MySQL Replication Master/Slave

MySQL Replication Master/Slave

Methods to make your data redundant is an good practice in production environments with High Availability. MySQL Replication can support this kind of HA. In my blog post I want to explain how I build replication between an Master and Slave node. In my example I have run MySQL on Windows Server but this will also work with Linux hosts.

Configure the Master node

Before we can replicate MySQL the server needs to be accessible on the network the slave nodes are running. To keep it simple for now we would assume they are both in the same network subnet, as usually the case. Now we check if MySQL is bind to the network port accessible for the outside by netstat:

netstat -p tcp
TCP [::]:3306 [::]:0 LISTENING InHost

With the server listening on or [::]:3306 we are sure it’s advertising port 3306 on all internal network adapters. Next to check is your firewall that can block this port, if so make sure you open port 3306 here first.

Now go to the config file “my.ini”, for Windows this can be found on this default path “C:\ProgramData\MySQL\MySQL Server 5.7\”. Open this file in notepad and change the config with the following lines;


# Binary Logging.

# Server Id.

Restart the MySQL server after we changed the ini file to make it active. We will start on the master node with creating an user account for replication. Next to creating the replication account we will give the right permissions. Start on the server the mysql binary;

C:\Program Files\MySQL\MySQL Server 5.7\bin\mysql.exe --host localhost --user root --password

And run the following SQL commands:

create user 'replication' identified by 'secretpassword';
grant replication slave on *.* to 'replication';

Consistent backup from Master

Before we can couple the slave node we need to make an consistent backup from our Master. This makes sure that the replication on the slave starts at the correct point with replicating. First we will run the following command on the Master database;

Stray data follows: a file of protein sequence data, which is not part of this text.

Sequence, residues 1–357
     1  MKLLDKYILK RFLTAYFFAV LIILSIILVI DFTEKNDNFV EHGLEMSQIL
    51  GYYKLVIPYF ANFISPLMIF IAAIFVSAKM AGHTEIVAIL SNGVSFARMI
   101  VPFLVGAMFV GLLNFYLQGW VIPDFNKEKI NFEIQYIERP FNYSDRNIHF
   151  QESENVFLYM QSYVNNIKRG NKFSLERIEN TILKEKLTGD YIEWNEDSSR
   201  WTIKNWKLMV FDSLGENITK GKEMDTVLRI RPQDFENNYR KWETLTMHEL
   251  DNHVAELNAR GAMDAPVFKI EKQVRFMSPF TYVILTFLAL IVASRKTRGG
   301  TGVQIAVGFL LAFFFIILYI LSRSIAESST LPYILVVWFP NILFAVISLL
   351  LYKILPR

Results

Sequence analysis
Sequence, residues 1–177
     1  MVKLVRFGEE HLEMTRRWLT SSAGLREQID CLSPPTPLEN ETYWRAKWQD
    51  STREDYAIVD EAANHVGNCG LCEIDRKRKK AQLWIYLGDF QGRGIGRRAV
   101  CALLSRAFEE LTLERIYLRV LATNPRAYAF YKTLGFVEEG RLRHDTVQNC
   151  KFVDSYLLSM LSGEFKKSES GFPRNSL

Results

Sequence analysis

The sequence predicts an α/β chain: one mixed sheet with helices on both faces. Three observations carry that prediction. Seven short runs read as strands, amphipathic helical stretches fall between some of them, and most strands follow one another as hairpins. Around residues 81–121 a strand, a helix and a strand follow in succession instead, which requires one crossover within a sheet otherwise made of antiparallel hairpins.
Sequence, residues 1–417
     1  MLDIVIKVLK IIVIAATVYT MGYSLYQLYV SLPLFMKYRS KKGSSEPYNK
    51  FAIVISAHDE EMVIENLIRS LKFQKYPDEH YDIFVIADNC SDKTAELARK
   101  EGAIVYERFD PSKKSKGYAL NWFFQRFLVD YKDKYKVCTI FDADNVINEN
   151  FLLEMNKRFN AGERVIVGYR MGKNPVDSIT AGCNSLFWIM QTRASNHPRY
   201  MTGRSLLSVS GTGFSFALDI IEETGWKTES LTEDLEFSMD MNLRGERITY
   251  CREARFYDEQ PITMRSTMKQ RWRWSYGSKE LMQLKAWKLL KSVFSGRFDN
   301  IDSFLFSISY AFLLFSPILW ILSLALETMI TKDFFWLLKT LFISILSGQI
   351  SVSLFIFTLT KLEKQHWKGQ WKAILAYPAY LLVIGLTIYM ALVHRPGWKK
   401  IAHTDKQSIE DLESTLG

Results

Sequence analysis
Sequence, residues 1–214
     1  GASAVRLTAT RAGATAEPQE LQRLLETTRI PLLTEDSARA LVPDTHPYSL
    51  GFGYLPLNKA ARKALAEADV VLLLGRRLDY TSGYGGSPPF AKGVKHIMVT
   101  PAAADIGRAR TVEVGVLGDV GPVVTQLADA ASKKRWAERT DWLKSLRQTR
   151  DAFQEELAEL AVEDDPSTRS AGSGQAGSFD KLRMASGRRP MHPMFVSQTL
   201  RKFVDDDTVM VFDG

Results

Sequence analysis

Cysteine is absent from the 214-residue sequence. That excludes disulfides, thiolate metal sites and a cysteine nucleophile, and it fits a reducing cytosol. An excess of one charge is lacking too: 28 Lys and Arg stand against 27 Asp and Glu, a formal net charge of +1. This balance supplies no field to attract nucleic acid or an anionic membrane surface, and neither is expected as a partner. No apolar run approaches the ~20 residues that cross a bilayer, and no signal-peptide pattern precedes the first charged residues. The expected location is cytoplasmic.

Note; The first command will do the following.

Closes all open tables and locks all tables for all databases with a read lock until you explicitly release the lock by executing UNLOCK TABLES.

The second command will give us the position and name of the bin log file, this one is needed later so safe it! Leave the command screen open so the read lock stays active.

Now make an backup of your MySQL master databases, in this example we assume we want to replicate everything. Start an SQL dump in an new command and transfer the output to the slave server:

"\Program Files\MySQL\MySQL Server 5.7\bin\mysqldump.exe" --host localhost --user root --password --all-databases > mysql_master.sql

While running the MySQL dump command we can unlock the tables in the first command screen:


Configure the Slave node

Now on the MySQL slave node we will import the output from the Master node MySQL dump created previous. Login on the slave node and open an command;

"\Program Files\MySQL\MySQL Server 5.7\bin\mysql.exe" --host localhost --user root --password < mysql_master.sql

Wait till the import is finished and open the MySQL command on the slave node:

"\Program Files\MySQL\MySQL Server 5.7\bin\mysql.exe" --host localhost --user root --password

Now we will configure the settings to connect to the Master node. This is done with the following SQL query where you have to set your own IP from the master node and position and file name from the bin log;


Now we can start the slave on the slave node. Again in the SQL prompt:


Now the replication is started we can check if everything works. With the following SQL command on the slave node you can check if errors occur or if there are other things wrong:


If everything is running fine you will see the status “Slave_SQL_Running_State: Slave has read all relay log; waiting for more updates” in the output. Now you MySQL node is replicated and changes will be synchronized to the slave node.

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